Two simple ways to nail that high-stakes discussion

“Champions do not become champions when they win the event, but in the hours, weeks, months, and years they spend preparing for it. The victorious performance itself is merely the demonstration of their championship character.” In this episode, I share my approach to the mindset needed to prepare for any high-stakes discussion. Whether it be a high-level, senior leader decision brief or a one-on-one, personal discussion with your supervisor, these two simple ways will help keep you focused and emerge victoriously.

Be Prepared – One of my recent leaders provided the following guidance when receiving briefings: “You don’t have to explain all of the details to me, but you need to have them ready should I want to ask about them.” Take this mindset as the starting point to prepare for your discussion accordingly. I’m not going to focus on building the presentation product specifically but instead focus on the overarching idea of preparation. Here are some common questions to think about:

  • Who is the intended audience? Understanding this is key to anticipating what questions may be asked during the briefing or shaping the briefing towards their preferences of delivery.
  • What is the purpose, information, or decision? Both can have distinct differences in organization and effectiveness in delivery.
  • What is the optimal method of presentation? A slide deck is not always the answer; sometimes a list of talking points is the right fit to drive the right conversation.
  • How much technical information should be presented, or not presented and kept in back up as reference? The latter directly address the guidance previously mentioned.
  • Are there topics of tension within the briefing? If so, you should actively own and address them so that you make progress and don’t waste everyone’s time with another conversation stalemate. 

These questions may seem basic, but often they are overlooked and shouldn’t be. The fact that they are basic questions should indicate these are foundational to you being prepared. As you start to build the presentation, your level of understanding of the topic must get to 100%. This doesn’t mean you have taken advantage of every opportunity or solved every problem, but rather you have accounted for each opportunity and problem and can still move forward with the discussion. In addition, achieving 100% does not mean you have to shoulder all of the information. Bring together the right teammates for the presentation so that you can defer to a subject matter expert as needed. This technique may not be available all of the time, but most senior leaders will be willing to have a conversation with the right people as necessary.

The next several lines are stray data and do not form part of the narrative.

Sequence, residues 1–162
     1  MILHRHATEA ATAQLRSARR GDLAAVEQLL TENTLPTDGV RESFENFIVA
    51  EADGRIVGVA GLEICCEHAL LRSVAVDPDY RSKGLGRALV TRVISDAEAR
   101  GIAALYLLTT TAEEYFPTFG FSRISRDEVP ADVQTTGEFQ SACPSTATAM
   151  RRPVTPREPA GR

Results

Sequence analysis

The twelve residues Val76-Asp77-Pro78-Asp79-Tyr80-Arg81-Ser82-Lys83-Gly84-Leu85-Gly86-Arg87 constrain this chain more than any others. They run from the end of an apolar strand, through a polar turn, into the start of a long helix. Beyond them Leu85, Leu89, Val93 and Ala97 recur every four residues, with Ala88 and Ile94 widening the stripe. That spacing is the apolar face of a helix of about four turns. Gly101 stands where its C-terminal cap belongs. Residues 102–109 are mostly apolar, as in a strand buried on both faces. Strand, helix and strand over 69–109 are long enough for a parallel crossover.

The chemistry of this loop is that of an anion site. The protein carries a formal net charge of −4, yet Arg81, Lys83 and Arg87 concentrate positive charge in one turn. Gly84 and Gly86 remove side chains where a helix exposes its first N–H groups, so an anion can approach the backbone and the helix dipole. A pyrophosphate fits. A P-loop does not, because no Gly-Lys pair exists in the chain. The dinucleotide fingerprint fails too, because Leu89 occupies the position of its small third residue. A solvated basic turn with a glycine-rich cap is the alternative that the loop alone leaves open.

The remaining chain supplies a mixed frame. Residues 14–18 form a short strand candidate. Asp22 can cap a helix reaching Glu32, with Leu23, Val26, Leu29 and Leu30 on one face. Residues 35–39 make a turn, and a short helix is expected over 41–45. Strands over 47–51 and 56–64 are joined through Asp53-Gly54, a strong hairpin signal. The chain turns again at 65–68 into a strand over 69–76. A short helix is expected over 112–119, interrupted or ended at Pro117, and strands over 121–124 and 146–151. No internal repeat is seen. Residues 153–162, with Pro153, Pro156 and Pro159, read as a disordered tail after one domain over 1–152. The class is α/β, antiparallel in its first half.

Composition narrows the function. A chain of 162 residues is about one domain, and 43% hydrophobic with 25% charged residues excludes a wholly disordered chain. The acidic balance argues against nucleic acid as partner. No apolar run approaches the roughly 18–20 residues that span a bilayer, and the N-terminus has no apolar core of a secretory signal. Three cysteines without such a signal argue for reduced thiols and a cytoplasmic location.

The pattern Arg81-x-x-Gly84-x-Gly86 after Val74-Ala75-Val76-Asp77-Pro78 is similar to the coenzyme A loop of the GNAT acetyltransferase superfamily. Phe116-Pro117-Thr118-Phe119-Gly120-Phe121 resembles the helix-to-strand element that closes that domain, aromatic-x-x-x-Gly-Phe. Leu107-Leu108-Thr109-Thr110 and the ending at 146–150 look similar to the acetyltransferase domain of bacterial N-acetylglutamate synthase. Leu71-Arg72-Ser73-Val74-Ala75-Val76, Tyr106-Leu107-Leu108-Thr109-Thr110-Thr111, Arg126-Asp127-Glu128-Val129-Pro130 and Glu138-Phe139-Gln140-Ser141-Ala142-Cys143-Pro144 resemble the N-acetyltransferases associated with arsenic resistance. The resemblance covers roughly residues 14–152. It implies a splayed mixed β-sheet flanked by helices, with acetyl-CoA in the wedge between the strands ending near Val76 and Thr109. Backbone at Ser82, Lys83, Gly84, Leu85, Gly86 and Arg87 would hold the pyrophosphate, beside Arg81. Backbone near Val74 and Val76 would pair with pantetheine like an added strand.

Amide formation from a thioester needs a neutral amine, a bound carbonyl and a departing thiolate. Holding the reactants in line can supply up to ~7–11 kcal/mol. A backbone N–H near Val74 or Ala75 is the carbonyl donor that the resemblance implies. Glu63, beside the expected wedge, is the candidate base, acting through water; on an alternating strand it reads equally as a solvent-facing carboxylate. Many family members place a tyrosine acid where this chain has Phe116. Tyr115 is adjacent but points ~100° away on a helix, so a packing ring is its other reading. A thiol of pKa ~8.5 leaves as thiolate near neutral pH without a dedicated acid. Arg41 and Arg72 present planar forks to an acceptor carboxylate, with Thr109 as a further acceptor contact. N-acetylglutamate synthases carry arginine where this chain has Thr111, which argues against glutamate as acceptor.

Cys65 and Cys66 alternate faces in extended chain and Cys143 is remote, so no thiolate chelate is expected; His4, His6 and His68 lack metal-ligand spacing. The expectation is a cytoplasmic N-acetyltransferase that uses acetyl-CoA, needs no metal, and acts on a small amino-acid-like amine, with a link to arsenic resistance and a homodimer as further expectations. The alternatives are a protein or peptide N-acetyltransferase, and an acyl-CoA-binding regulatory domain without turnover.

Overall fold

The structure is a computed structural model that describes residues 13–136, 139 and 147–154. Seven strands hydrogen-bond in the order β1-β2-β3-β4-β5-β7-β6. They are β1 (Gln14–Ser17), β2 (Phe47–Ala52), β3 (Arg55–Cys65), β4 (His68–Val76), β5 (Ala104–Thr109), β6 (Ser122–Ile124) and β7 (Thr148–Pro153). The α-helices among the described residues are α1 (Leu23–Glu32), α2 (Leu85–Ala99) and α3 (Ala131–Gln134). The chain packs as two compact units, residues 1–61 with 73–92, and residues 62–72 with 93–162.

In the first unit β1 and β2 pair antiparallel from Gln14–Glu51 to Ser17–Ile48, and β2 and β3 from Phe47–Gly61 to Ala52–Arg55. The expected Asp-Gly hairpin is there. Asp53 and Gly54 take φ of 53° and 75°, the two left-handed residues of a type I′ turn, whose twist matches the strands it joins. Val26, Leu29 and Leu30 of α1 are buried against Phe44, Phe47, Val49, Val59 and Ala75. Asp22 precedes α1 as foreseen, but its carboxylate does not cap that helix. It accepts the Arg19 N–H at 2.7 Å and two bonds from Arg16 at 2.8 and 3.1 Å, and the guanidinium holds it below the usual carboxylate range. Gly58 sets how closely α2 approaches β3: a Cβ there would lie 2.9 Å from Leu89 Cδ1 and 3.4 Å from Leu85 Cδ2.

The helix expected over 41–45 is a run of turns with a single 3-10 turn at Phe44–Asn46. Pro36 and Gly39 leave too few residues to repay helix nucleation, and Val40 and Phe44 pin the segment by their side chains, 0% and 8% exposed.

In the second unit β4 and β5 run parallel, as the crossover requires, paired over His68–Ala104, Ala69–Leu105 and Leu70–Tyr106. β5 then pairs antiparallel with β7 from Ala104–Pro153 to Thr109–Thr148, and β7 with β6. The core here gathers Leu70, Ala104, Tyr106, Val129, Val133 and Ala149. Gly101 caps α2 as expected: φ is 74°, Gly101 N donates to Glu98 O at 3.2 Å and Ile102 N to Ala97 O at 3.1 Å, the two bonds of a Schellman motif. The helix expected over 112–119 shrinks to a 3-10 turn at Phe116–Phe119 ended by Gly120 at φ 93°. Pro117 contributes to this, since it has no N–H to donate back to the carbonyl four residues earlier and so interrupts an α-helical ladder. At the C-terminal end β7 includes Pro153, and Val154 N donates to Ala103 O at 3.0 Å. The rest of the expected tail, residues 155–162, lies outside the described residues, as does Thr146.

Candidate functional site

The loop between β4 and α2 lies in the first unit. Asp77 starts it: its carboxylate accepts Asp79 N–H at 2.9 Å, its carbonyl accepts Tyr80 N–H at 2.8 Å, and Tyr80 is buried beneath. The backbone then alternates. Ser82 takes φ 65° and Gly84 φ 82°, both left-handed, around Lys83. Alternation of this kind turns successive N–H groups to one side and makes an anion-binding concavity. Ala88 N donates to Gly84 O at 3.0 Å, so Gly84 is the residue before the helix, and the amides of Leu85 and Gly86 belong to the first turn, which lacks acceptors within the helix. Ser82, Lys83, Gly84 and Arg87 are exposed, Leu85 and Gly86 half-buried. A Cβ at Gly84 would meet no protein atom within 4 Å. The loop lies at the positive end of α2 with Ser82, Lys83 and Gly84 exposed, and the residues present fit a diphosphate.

Preparation is within your control to affect. Overpreparation is probably ok, but only if that means you are rehearsing your delivery (either in your mind or in person) and streamlining the messaging to the core points. Sometimes less is more. Some of this refining will be on you to make the decision on,  which will consistently change over your career based on the audience and the subject. Adjust your preparation actions to the scenario and keep moving forward. All of this time will positively contribute to your confidence prior to delivering your briefing, so use that time wisely.

Be Honest – Eventually, you will run out of preparation time (which can be a good thing) and need to get on with the show. You have double/triple-checked your slides to ensure everything is sharp as possible. You have reviewed your talking points to the point you can recite them confidently, but you have them for reference just in case. You have worked on the timing, tempo, and hand-off with your teammates to deliver a knockout presentation. As soon as you begin your presentation, only one rule remains: be honest

As the briefer, the audience expects you to have the best understanding of the topic at hand. Should you choose to say things that are either untrue or unclear, you are in danger of losing your credibility and the trust of your leadership. Either of those will be damaging to yourself and your team. If you are asked a question about something you aren’t sure about, just say that! There is nothing wrong with saying “Sir/Ma’am, I’ll have to get back to you on that.” That sentence signs you up for follow-up homework, but you also buy yourself some time to do the research and provide an accurate answer instead of a half-baked one. If you prepare properly, you may not have to say that, but don’t be surprised if a question comes out of left field. Take it in stride and follow up with your audience. 

Being honest can be merged with being professional. Leadership may ask for your opinion about something, which may be contradictory to someone else in the audience, and that’s ok. You need to be prepared to defend your honesty and you must stay grounded in emotion and provide objective feedback. You can’t control how others may conduct themselves within the conversation, but you can control yourself. Stay on point and don’t let your emotions cloud your judgment or delivery. Your honest opinion is valuable to the team and your leadership, so don’t let it go to waste.

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